June 03 2021

Talking with their Lawyer

Simon McCrum

At the height of the Information Age and with the development of social platforms, lawyers are facing their customers not only as legal professionals but also as human beings. In this interview, Simon McCrum reveals the main secrets for lawyers to build a trustful and newfangled lawyer-customer relationship.


I greatly enjoyed reading your ‘The perfect legal business’ book. Quite a fresh look and a highly important message about client selection and engagement, as well as about client alignment. In your opinion, why do many great professionals fail to succeed once they underestimate the latter?

If any of your readers watched the Monaco Formula 1 Grand Prix recently, they will have seen a colourful, noisy, and graphic way the huge mistakes that many law firms make in this area. You had there incredible driving machines (equivalent to law firms) driven by amazing experts (lawyers) surrounded by hype and noise and partying and celebrations. That is how many law firms behave. But the mistake they are making is that they forget to look at the only thing that is important in this situation – the contact between the tyres and the road. Too many law firms focus on all the surrounding noise, and the design and beauty of the car and the power of the engine, but because they ignore the central, over-riding feature, and instead of the amazing engine making the business move forward, it simply goes into wheel-spins, where energy is wasted and progress is lost. Too many lawyers are doing amazing work on complex cases, but they are not extracting the correct value-based price from the client, they are doing lots of work but are not recording all the time that is being spent, and when it comes to billing the client, they do not bill all the time they have spent and recorded. Until the traction between the tyre and the road is resolved, the car goes nowhere. Until every lawyer in firm prices the work right, and does the work instead of leaving it sat on a desk because they are too busy, and records all the time they spend, and bills the client for all the time that is recorded – and then gets paid quickly – a legal business will be more about noise and about wasting energy than about progress and speed.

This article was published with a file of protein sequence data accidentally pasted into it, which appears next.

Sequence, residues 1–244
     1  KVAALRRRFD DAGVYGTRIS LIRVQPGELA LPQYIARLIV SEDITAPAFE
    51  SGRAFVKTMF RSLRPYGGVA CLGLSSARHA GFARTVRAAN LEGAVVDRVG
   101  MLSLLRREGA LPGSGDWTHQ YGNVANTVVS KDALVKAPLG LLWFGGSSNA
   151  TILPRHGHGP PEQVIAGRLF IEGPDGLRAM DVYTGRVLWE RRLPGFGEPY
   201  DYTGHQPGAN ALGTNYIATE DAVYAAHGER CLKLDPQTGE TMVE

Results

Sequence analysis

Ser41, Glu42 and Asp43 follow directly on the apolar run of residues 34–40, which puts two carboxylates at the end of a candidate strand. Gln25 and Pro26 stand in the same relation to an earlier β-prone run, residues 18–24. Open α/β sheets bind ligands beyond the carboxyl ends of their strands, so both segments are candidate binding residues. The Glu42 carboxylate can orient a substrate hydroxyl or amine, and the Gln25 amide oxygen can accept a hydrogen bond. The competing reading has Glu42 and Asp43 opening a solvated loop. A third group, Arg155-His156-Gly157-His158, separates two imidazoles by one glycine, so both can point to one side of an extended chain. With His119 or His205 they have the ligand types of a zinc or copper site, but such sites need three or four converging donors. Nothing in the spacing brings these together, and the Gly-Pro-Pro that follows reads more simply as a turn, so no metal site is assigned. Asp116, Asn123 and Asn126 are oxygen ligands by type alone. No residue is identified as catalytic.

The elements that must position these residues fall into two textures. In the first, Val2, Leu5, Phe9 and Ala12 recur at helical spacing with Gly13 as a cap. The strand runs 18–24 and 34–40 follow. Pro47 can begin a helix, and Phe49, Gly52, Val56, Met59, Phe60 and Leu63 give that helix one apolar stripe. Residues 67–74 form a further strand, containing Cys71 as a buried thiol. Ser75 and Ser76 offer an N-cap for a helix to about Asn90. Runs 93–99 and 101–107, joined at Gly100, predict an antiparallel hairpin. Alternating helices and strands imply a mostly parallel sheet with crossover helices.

What can be the best competitive advantage for lawyers good at communication, and how to benefit from new ways of communicating?

Clients want their lawyers to deal with them in exactly the same way that they deal with everyone else in their life, namely by online chat, text, email, and WhatsApp. Lawyers can go some way to be flexible and to accommodate these wishes. However, in my view, lawyers have to make sure that all the nuances and ramifications of their legal advice are fully conveyed to their clients. That is best done by talking. Going forward, my view is that when it comes to communicating with clients, talking must not be overlooked, whatever “the next big thing” in social media is.

What is the most common or hidden challenge for the law professional in the era of digital transformation with regard to the lawyer-customer relationship?

I think the biggest problem here is the fact that many lawyers love writing long letters – or rather, dictating them so that someone else types them up. Long letters like that – or long emails – are good for unloading lots of technical legal information and are useful for covering your backside, but anyone who has ever been the client of a law firm will tell you that such long letters and emails are utterly useless and are often incomprehensible. They completely undermine the service that a law firm thinks they are delivering. Law firms in the digital age need to deliver a service that is based on clients “want” (i.e. talking with their lawyer) not on a law firm’s belief that long letters are wonderful.

As a lawyer and renowned legal professional with solid work experience both in the industrial era and the so-called data or digital era (that is evolving into the intelligence era), what are the top 5 competencies of today’s successful lawyers?

The Top 5 competencies are a mix of the old and the new. I put them in the following order:

  • Great at technical law,
  • Great at communications and at making their technical law appear simple,
  • IT skills,
  • Business acumen and extracting maximum value from their technical skills
  • Recognising other people’s skills and value, and being able to work with them in a team for the benefit of the business and the client.

Article author:
Simon McCrum

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